Gen Xers are turning 50: Now what?
Is it possible that Gen Xers, whose very name conjures images of flannel wearing underemployed slackers, are reaching their 50s? As impossible as it seems, the oldest Gen Xers are reaching this milestone and are looking ahead to the next phase of their lives. Whether they are becoming empty nesters, ascending the corporate ladder or getting serious about retirement, they’re bringing their distinct Xer experiences and perspectives with them. Entrepreneurial, independent and resourceful to the core, Xers are looking to the future and — despite some challenges — there is light at the end of the tunnel.
Embracing the nest
As Xers enter this new decade of their lives,
some are sending their children off to college and becoming empty nesters. While many Boomer
parents encountered this stage with a sense of loss, often encouraging Millennial kids to return home post-college, Xers are too busy planning their next move. Though Xers have proven to be attentive parents, they’re nothing if not practical and kids
away in college means more time to focus on their own pursuits.
This could mean digging their heels into an exciting new leadership role, getting serious about shedding those extra 20 pounds or finally getting around to exploring an untapped hobby or talent. Gen Z kids probably won’t be surprised when they return home to see that Xer parents have not kept their rooms intact, but have instead completely rearranged and redecorated to accommodate their latest hobby.
Leadership calls (at last)
The gray ceiling has proved to be quite resistant, much to Xers’ dismay. But as the Xers turn 50, the seemingly impenetrable layer of Boomer leadership is slowly showing openings and Xers are eagerly stepping up to the plate. Ten thousand Boomers are projected to reach 65 each day,1 and you can almost hear Xers across the nation breathe a collective sigh of relief. At long last, the leadership positions they’ve been coveting for some time now are becoming available and, by this point, Xers have more than paid their dues.
Not only will some of the frustrations of the gray ceiling be alleviated as Boomers move on to their next adventures, but Xers are also going to find themselves as highly prized workers. As a smaller generation
when it comes to population size, Xers will become a valued commodity as organizations scramble to find talented leaders with years of wisdom and expertise behind them. When Xers settle into upper tiers of management and leadership roles, they’ll be looking to make the most of the much-needed increase in salary to continue to decrease debt and plan for eventual retirement.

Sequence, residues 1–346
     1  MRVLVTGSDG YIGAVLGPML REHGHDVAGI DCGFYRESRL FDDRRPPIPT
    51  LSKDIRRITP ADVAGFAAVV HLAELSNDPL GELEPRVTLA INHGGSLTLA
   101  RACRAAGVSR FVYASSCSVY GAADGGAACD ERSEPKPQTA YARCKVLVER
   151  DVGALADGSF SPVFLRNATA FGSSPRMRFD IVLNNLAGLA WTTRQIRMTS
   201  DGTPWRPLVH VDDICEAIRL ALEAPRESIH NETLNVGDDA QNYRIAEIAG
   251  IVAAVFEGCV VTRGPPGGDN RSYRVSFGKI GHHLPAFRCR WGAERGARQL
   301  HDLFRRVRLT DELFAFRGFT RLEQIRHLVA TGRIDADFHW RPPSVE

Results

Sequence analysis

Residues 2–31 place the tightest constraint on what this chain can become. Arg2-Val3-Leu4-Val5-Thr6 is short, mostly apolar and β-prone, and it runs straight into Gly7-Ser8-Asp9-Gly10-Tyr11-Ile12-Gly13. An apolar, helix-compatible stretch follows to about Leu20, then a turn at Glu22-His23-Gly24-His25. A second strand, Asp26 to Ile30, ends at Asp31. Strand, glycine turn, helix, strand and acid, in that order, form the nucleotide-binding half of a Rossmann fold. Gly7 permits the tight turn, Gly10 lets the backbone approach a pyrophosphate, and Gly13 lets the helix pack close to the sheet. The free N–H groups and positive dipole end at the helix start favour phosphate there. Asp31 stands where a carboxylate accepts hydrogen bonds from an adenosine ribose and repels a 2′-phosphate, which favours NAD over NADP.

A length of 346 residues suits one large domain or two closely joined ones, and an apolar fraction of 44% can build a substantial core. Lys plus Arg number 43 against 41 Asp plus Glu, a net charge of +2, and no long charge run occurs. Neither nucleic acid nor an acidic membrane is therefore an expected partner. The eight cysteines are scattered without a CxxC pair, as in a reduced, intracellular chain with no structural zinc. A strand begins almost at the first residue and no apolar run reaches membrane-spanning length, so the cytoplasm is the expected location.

The new retirement
The antiquated idea that retirement happens at 65 is one Gen Xers abandoned long ago. Knowing they won’t be able to rely on pension plans and Social Security, Gen Xers believe they’ll have to turn to their most trusted and reliable source — themselves and solid financial planning. Xers are worried about retirement because many don’t feel they have saved enough. Six out of 10 Xers are not confident they’ll have enough money to live comfortably in retirement.2 Too many of them are still working on current needs — like paying off debt, recovering from the Great Recession and simply trying to make ends meet.
Xers are using the well-deserved promotions, with higher incomes, to play the financial catch-up game in hopes of eventually reaching a point where retirement seems feasible.
To further complicate matters, many Xers have aging parents who may expect their assistance in helping them financially. Almost half of Xers, 46%, are concerned about the financial strain of caring for aging parents, and 22% are worried they will be supporting children with their retirement income.3
The bottom line is Xers aren’t kids on skateboards anymore. Many are sending their kids off to college, embracing new leadership roles at work and ready to tighten down the retirement planning process. As Xers turn 50, a financial advisor who not only understands where they are coming from but also where they are going will become critical.
1Taylor, P. and Cohn D. (2010, December 20) Baby Boomers Approach 65 – Glumly.
2Generation X and Retirement Readiness. (2018, March). Insured Retirement Institute).
3Retirement 2.0 Research Report. Generation X shares their vision for retirement. (2015). Ameriprise Financial.
This information is prepared in part by an unrelated independent third party, BridgeWorks, and is provided for informational purposes only. Ivy Distributors, Inc., believes the information has been obtained from sources considered to be reliable, but does not guarantee the accuracy of the information provided.